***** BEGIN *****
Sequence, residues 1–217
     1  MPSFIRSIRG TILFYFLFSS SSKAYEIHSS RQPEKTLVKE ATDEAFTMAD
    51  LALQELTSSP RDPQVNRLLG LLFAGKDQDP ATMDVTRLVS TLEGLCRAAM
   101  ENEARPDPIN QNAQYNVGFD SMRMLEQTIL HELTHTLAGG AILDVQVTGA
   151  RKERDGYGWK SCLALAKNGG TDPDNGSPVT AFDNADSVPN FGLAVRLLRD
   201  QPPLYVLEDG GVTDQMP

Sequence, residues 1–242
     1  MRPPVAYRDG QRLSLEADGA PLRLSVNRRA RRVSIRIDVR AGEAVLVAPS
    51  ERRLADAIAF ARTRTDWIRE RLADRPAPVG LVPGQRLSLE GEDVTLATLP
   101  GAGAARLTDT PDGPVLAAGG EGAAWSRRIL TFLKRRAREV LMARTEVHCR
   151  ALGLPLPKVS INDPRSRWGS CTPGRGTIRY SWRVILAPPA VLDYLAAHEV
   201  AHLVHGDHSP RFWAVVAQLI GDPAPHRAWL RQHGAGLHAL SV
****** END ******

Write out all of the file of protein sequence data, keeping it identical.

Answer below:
Sequence, residues 1–217
     1  MPSFIRSIRG TILFYFLFSS SSKAYEIHSS RQPEKTLVKE ATDEAFTMAD
    51  LALQELTSSP RDPQVNRLLG LLFAGKDQDP ATMDVTRLVS TLEGLCRAAM
   101  ENEARPDPIN QNAQYNVGFD SMRMLEQTIL HELTHTLAGG AILDVQVTGA
   151  RKERDGYGWK SCLALAKNGG TDPDNGSPVT AFDNADSVPN FGLAVRLLRD
   201  QPPLYVLEDG GVTDQMP

Sequence, residues 1–242
     1  MRPPVAYRDG QRLSLEADGA PLRLSVNRRA RRVSIRIDVR AGEAVLVAPS
    51  ERRLADAIAF ARTRTDWIRE RLADRPAPVG LVPGQRLSLE GEDVTLATLP
   101  GAGAARLTDT PDGPVLAAGG EGAAWSRRIL TFLKRRAREV LMARTEVHCR
   151  ALGLPLPKVS INDPRSRWGS CTPGRGTIRY SWRVILAPPA VLDYLAAHEV
   201  AHLVHGDHSP RFWAVVAQLI GDPAPHRAWL RQHGAGLHAL SV